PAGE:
The health care system must play a significant role in combatting COVID-19 mistrust among Black individuals in Canada according to a new University of Ottawa study that found distrust in the healthcare network was so profound that educated individuals were hesitant to receive the vaccine.
Professor , Associate Professor in the School of Psychology at the Faculty of Social Sciences, is the Chair of the , which leads research focused on racial disparities in health and social services and led this study.
shows that Black communities were the least vaccinated against COVID-19 yet were the most affected by the global pandemic in terms of infection and mortality in Canada and the West. Black communities saw despite having the same access to COVID-19 vaccines.
Key factors contributing to this mistrust included:
- Education: Surprisingly, the level of education was inconsequential in relation to COVID-19 vaccine jabs since even those with professed educated admitted mistrust.
- A lack of COVID-19 themed literature geared specifically to Black communities.
- Experience of racial discrimination lived inside hospitals and within the healthcare network.
- Age: Black individuals between 14-34 were less likely to be vaccinated.
- Income level; and
- Belief in conspiracy theories.
Black individuals with a familiarity of health resources and literature (health literacy) were more likely to be vaccinated against COVID-19. But these same individuals were less trustful of COVID-19 vaccines and Canada’s health resources if they had experienced systematic racism or discrimination from within the health network.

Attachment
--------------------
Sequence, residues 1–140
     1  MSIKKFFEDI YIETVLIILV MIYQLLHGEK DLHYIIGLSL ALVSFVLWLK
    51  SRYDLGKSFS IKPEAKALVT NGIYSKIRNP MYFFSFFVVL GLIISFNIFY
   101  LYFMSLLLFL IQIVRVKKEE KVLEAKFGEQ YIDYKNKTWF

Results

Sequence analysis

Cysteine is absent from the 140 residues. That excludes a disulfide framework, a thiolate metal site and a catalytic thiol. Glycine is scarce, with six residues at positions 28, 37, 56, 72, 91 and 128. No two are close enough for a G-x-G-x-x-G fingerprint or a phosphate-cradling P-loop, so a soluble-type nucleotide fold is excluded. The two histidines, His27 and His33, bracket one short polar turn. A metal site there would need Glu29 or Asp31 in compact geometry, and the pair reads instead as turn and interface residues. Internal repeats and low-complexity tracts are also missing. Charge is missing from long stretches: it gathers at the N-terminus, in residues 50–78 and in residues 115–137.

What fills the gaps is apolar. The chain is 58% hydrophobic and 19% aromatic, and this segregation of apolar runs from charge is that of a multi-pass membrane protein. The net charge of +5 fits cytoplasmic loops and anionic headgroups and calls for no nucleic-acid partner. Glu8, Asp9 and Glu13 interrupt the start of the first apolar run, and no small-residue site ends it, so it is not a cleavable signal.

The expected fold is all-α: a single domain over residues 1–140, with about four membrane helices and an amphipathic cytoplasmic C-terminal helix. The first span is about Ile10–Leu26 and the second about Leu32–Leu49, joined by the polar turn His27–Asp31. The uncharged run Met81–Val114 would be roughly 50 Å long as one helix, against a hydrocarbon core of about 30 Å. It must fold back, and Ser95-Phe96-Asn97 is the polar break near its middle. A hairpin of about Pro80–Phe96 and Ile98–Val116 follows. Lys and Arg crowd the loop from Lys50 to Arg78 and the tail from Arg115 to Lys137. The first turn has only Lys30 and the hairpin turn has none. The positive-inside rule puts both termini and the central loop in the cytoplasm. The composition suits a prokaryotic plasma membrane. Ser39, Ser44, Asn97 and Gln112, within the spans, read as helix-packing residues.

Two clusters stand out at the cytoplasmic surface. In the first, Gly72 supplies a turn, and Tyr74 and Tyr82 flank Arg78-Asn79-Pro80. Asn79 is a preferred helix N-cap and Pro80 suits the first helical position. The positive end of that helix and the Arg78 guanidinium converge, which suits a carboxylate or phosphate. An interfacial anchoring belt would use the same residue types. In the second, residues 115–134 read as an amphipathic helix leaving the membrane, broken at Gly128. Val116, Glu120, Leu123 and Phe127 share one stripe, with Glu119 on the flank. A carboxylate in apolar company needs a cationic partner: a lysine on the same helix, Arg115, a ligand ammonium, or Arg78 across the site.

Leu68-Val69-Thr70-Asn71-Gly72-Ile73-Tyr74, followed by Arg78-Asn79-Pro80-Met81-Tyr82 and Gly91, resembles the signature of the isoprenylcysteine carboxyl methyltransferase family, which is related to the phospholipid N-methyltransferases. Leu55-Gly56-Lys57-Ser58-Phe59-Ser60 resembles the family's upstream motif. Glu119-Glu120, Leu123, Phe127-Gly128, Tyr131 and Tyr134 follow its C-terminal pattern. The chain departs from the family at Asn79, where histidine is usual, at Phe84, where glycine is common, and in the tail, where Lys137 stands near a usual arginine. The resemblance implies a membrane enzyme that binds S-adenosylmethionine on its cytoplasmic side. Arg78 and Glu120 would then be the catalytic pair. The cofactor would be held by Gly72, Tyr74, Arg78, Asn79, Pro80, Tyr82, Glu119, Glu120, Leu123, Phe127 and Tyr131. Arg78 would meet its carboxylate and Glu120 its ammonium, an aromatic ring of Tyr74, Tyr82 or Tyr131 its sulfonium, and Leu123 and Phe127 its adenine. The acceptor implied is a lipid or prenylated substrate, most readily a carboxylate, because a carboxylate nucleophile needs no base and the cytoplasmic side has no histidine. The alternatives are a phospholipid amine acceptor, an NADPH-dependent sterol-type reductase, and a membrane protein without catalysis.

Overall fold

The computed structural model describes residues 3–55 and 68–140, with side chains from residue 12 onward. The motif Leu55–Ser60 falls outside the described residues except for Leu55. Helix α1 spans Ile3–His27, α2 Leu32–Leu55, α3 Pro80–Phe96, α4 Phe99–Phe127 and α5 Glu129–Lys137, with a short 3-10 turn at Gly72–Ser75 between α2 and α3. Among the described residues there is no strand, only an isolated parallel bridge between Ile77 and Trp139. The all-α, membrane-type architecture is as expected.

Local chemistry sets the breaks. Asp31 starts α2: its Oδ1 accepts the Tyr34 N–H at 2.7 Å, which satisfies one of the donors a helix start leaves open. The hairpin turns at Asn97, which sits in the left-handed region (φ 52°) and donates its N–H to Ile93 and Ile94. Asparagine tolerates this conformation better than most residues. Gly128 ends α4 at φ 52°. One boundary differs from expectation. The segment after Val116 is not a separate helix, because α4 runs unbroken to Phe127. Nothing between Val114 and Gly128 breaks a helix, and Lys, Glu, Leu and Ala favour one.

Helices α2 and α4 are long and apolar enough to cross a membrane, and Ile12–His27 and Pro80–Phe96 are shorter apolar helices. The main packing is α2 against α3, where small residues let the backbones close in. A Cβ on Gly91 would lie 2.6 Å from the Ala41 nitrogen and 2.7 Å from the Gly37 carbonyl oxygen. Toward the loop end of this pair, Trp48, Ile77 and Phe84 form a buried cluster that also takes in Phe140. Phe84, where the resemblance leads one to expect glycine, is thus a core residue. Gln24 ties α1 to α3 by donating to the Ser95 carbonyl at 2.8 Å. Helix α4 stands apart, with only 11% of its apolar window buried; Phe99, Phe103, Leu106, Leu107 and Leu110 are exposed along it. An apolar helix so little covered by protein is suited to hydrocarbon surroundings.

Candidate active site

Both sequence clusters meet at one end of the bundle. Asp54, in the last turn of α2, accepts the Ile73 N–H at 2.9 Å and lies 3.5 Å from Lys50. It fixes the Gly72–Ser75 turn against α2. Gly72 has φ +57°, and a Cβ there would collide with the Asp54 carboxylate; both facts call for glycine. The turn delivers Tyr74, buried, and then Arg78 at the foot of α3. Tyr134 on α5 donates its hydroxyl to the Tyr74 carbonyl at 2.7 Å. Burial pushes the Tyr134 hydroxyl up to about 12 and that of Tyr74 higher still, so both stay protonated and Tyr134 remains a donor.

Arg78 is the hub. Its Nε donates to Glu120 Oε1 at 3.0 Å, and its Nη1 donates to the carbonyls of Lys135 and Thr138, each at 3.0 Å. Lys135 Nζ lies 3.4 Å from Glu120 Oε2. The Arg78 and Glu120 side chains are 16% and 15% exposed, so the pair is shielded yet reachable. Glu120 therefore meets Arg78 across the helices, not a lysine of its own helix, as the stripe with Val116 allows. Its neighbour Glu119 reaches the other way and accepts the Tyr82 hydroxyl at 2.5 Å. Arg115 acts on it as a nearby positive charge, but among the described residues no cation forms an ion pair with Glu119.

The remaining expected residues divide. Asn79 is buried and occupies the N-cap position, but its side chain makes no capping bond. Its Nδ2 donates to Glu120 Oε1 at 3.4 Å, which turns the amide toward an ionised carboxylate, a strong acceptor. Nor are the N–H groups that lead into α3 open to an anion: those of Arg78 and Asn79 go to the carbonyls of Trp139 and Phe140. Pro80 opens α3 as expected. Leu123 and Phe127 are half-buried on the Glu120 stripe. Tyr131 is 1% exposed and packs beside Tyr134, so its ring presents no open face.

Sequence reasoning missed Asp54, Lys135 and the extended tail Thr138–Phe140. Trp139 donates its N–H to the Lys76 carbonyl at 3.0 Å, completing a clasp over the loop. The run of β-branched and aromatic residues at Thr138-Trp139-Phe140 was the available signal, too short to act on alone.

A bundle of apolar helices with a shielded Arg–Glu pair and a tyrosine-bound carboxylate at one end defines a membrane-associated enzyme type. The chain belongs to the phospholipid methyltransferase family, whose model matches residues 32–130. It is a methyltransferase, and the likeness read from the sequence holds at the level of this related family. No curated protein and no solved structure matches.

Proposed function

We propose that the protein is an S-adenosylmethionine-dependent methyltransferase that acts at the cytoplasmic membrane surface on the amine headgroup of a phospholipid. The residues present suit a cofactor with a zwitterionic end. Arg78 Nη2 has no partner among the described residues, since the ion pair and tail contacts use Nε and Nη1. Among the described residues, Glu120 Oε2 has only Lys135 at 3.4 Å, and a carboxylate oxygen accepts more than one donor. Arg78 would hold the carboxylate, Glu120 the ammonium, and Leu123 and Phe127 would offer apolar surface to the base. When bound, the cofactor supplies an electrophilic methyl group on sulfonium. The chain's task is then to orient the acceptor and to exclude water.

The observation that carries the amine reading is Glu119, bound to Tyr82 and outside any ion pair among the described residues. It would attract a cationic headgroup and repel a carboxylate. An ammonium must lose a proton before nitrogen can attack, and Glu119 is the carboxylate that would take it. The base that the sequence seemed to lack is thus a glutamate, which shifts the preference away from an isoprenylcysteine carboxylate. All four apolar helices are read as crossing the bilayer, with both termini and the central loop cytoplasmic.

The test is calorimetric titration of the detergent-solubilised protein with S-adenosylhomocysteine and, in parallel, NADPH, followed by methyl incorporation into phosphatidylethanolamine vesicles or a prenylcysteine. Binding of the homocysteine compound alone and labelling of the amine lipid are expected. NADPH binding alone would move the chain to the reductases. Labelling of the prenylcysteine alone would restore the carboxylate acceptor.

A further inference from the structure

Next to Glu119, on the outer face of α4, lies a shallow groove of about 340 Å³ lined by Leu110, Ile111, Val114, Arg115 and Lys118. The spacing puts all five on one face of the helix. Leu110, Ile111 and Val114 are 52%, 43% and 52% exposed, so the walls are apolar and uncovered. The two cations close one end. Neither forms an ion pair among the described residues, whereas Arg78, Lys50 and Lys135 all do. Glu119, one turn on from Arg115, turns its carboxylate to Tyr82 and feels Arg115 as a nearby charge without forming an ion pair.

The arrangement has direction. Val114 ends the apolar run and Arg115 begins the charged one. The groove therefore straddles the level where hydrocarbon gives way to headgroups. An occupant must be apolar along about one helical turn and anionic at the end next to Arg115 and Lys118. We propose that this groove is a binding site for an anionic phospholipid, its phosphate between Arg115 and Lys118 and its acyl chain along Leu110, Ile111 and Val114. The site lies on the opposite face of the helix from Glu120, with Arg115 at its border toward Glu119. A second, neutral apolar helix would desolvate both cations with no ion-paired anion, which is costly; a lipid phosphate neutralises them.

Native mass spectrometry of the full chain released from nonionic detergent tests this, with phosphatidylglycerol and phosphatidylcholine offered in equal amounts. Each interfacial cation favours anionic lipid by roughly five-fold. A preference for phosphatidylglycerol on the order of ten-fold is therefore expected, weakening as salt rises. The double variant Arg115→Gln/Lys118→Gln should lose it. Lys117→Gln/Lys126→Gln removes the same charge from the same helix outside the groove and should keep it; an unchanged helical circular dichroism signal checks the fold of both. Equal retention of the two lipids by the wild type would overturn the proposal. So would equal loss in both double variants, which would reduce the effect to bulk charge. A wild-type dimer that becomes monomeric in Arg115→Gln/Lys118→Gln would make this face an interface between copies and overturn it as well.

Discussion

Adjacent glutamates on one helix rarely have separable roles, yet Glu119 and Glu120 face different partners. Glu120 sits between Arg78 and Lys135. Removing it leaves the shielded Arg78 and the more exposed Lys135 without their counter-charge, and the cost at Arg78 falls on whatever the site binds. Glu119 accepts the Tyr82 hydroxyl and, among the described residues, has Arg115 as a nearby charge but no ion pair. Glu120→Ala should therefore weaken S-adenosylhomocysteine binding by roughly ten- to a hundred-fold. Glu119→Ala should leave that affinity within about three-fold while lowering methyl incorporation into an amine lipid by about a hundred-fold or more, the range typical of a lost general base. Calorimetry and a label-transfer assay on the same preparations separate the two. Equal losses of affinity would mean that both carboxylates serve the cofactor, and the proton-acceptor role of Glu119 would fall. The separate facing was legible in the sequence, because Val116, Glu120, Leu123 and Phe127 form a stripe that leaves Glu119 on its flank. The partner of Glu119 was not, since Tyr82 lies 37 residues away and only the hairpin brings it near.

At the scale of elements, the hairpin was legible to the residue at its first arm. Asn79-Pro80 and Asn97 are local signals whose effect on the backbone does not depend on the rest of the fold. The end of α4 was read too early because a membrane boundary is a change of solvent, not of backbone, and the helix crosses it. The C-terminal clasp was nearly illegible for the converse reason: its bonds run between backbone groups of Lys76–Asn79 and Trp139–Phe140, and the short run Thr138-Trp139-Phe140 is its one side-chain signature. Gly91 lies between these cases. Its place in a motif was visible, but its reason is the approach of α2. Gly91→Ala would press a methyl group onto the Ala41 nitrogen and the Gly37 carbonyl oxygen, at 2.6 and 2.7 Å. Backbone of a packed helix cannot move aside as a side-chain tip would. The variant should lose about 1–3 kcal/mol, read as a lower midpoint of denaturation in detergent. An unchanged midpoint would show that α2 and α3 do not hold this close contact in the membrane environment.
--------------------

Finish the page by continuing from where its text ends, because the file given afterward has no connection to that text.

The link between systematic racism in the healthcare network and lagging COVID-19 trust must be addressed by:
- Addressing and finding solutions to combat systematic racism within the healthcare system; and
- Creating credible and resourceful healthcare literature that will boost confidence in COVID-19 vaccines in these communities.
, by Jude Mary Cénat, Seyed Mohammad Mahdi Moshirian Farahi, Schwab Mulopo Bakombo, Rose Darly Dalexis, Roland Pongou, Lisa Caulley, Sanni Yaya, Josephine Etowa, Vivek Venkatesh was published in the Journal of Medical Virology on April 24, 2023.
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